Thursday, January 28, 2010


I like reality. I’ve always felt like a good dose of the here and now will keep a soul grounded. Although it works well for me, it seems it might not work well for others.

I was reminded recently that romance writing needs to dwell in fantasy, the heroine being promised a whirlwind lifestyle of fancy restaurants, travel to exotic locations, yacht excursions and the like. Romance writing isn’t supposed to be about a regular Joe with a good job sweeping your average Jane off her feet. And don’t even consider the hero who might be struggling, or even worse, unemployed and penniless. Apparently, whether he’s a good guy or not, that’s not a girls dream come true.

I like regular Joes. I know a lot of them. Billionaire playboys, secret agents, deviant athletes, and swash-buckling matadors have yet to cross my path. Most of my heroes have been regular Joes. Only one or two happened to have bank. The others were just standup guys you wouldn’t throw out of bed because they dropped a cookie crumb or two. It seems, I’m told, that women who read romance would throw Joe Regular out of bed, no matter how outstanding his character might be. This is what I’m being told.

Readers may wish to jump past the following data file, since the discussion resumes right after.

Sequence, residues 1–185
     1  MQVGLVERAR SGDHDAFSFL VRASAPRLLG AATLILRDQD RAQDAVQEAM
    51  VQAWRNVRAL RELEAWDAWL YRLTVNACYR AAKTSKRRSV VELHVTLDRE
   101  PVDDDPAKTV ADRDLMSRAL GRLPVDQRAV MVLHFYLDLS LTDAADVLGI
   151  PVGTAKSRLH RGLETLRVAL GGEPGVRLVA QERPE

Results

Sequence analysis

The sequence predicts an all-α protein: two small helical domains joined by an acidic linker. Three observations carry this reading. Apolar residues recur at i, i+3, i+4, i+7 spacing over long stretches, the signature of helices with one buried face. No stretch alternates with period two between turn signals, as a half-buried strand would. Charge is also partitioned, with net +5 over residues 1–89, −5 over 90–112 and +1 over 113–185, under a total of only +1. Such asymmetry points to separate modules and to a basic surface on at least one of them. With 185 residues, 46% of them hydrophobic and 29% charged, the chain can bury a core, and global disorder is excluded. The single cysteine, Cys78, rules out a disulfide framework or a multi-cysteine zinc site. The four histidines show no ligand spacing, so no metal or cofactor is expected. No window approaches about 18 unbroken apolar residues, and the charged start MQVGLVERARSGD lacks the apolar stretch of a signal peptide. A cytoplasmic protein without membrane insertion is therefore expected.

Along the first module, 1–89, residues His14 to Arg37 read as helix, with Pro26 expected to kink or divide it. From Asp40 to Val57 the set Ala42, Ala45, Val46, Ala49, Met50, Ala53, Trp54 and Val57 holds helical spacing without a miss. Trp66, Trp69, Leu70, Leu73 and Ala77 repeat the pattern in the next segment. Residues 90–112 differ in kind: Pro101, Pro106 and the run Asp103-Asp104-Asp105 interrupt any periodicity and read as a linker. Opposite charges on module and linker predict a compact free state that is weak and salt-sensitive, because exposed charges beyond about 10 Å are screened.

I know that a number of young women read my books. Very young women. Although I want them to get caught up in the fantasy, I don’t want them to lose sight of the reality. There are conversations they need to be having in their own lives and so I allow my characters to have those same conversations. Jane might not have anyone else to guide her so if my heroine can lead the way, I’d like for her to go a good job. Personally, I always thought blending the fantasy with the reality is what made my writing good. Now it seems that I really didn’t have a clue.

Or so I’m being told…


T. said...

It's funny (or should I say interesting) that the form of fantasy that attracts younger women is the one that is not based on any element of reality. Ms. Mello keep mixing the real with fantasy. I liken it to mixing youth with wisdow. With wisdom comes the realization that the "perfect fantasy" may never come your way. However if you inject portions of realism - it is just enough to "keep hope alive"!

Deborah Mello said...

Thank you! I agree whole-heartedly.

Anonymous said...

I agree, I can travel around the world experience every fantasy that I can ever dream up, keep reality in check and never leave the comforts of my bedroom (lol)